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Ex-Tesla execs plan to reduce EV battery costs using surprising lithium alternative — could it work?

“The necessity to move away from China, or basically anything that’s controlled outside of Europe, has obviously become very clear over the past couple of years.”

"The necessity to move away from China, or basically anything that’s controlled outside of Europe, has obviously become very clear over the past couple of years."

Photo Credit: iStock

A South Wales company is working on a salt/trash battery. 

Yes, you read that correctly. 

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DG Innovate, led by former Tesla executives, is planning to power electric vehicles with biowaste and sodium. The company was started in 2009, earning crucial funding through equity rounds and grants along the way, as well as meeting key technological benchmarks, all according to a timeline posted on DGI’s website. 

Now, with CEO Peter Bardenfleth-Hansen and Executive Director Jochen Rudat among the leaders in place, the company is poised for final testing and manufacturing next year, DGI reports

It could be game-changing work, as the unique batteries are designed to store renewable energy in addition to powering EVs. 

This isn’t new territory for Bardenfleth-Hansen and Rudat. According to DG Innovate’s leadership bio page, Bardenfleth-Hansen helped to launch Tesla in Scandinavia, and Rudat worked for Tesla during the EV maker’s early years in Europe, reporting directly to Elon Musk.

For the next chapter, they are focused on creating a battery that provides adequate range and charge speed without expensive and hard-to-gather materials, including lithium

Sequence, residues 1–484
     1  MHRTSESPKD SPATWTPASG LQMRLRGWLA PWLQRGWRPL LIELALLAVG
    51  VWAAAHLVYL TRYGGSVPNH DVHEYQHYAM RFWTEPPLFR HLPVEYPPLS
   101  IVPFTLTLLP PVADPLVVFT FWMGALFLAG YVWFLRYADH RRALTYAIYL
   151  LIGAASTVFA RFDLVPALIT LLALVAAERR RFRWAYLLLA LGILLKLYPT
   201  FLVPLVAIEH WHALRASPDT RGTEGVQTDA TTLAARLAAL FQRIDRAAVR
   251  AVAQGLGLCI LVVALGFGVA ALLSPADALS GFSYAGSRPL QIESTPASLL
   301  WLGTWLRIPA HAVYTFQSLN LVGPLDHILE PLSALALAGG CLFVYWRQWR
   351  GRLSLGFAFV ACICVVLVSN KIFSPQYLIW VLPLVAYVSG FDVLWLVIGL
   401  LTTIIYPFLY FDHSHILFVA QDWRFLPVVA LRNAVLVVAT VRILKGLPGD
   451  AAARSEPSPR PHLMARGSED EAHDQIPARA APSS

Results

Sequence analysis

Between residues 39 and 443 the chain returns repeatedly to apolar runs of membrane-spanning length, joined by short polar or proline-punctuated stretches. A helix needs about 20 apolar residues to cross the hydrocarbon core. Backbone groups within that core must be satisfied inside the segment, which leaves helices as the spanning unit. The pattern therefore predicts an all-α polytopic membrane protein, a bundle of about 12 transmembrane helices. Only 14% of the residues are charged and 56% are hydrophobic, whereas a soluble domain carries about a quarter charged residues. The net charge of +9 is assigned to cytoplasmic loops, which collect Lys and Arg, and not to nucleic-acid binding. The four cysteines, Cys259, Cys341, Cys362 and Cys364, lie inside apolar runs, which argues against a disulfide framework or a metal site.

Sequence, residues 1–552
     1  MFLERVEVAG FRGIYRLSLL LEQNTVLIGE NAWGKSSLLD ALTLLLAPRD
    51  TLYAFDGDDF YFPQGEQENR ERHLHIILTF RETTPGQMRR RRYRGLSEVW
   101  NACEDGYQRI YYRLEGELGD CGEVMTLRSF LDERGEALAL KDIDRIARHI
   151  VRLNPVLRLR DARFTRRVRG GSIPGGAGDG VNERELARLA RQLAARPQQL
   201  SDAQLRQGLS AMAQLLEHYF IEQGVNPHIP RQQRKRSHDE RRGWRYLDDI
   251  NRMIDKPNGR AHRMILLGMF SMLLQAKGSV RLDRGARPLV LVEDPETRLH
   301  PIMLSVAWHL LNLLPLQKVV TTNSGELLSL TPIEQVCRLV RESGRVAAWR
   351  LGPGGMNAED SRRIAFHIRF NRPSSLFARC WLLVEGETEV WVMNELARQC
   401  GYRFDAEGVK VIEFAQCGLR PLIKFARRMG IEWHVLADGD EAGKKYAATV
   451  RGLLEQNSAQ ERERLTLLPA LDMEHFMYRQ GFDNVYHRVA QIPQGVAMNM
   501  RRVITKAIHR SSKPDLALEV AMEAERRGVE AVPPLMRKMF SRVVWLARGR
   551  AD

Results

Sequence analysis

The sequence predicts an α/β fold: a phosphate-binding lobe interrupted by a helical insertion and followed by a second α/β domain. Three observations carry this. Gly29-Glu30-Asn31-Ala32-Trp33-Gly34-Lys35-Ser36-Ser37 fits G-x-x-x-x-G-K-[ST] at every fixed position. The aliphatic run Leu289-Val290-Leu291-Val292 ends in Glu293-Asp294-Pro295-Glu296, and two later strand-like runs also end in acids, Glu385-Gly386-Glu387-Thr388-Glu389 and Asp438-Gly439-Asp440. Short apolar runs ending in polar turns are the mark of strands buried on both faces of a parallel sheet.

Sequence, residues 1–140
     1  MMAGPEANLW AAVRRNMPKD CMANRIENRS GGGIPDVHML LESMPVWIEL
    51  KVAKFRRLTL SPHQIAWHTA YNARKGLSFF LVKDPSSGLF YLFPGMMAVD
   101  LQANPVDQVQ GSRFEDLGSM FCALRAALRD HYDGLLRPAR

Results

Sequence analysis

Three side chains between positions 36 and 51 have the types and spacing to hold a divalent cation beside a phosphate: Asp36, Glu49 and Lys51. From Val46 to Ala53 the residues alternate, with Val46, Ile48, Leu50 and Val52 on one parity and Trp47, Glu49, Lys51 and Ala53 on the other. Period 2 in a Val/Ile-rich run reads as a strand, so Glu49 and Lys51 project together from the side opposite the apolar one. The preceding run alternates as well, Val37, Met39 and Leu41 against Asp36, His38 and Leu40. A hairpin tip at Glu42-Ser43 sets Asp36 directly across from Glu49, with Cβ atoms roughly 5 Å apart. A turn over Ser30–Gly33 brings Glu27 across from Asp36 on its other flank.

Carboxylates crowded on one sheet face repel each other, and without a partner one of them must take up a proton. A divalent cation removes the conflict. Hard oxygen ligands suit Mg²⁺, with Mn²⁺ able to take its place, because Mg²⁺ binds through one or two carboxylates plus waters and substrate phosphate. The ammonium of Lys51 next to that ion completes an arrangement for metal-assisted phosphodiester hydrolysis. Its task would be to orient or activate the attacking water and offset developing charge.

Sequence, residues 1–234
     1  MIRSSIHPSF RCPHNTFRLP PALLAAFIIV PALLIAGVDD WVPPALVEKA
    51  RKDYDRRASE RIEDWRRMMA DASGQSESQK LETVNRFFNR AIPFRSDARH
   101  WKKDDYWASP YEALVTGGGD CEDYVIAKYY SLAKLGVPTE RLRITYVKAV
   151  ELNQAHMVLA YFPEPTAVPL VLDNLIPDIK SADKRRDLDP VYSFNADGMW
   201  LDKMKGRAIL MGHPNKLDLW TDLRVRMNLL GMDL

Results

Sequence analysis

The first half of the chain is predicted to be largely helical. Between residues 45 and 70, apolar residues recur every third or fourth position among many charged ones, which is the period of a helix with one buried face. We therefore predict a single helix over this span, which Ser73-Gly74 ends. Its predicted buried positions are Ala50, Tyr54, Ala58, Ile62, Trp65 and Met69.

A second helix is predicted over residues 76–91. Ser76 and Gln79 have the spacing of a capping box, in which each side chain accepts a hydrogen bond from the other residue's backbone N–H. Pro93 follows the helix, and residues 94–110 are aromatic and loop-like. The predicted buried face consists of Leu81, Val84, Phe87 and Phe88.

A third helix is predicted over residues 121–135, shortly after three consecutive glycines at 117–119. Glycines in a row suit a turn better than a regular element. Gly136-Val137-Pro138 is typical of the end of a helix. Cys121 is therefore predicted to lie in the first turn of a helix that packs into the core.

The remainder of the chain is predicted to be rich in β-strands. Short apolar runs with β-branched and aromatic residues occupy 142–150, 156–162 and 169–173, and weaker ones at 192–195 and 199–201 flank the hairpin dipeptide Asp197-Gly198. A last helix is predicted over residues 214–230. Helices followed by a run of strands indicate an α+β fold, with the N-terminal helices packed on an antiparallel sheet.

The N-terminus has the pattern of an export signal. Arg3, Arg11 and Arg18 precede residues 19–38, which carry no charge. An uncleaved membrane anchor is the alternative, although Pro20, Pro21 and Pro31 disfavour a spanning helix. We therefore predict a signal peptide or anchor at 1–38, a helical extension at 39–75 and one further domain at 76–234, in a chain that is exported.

Using sodium isn’t a new concept, with larger EV makers, like BYD, also working on the tech. It’s common on Earth, can be harvested from our oceans, and can make EV battery chemistry work. Astoundingly, DGI reports that sodium is “1,000 times more plentiful than lithium.” 

For its part, the trash is a great example of how we can look outside the box to better use the massive amounts of waste we produce each year. 

DGI says it is using biowaste — described only as “readily available” — to make a “hard-carbon anode.” The anode sits opposite the cathode in battery cells. In DGI’s batteries, sodium ions will move back-and-forth between them during the charge/discharge cycle, instead of lithium ions. 

DGI transforms the trash (otherwise headed to landfills) by synthesizing it with a patented “low-energy processing technique that has a minimal environmental impact.” The result is a low-cost, sustainable, and environmentally friendly power pack that can “compete” with lithium ones, all per DGI. 

What’s more, the DGI team reports that its trash anodes also work in traditional lithium power packs. 

DG Innovate’s tech would also provide battery materials outside of foreign markets, creating regional stability. China recently rolled out export rules for graphite, for example, creating fear about the EV battery material’s future availability. Graphite is commonly used to make anodes. 

“The necessity to move away from China, or basically anything that’s controlled outside of Europe, has obviously become very clear over the past couple of years,” Bardenfleth-Hansen said in a report from The Telegraph. 

The team is eyeing commercial sales in early 2025 as part of a “greener future.” 

“Using a truly sustainable feedstock that ensures availability for all humans, for all future generations,” per DGI. 

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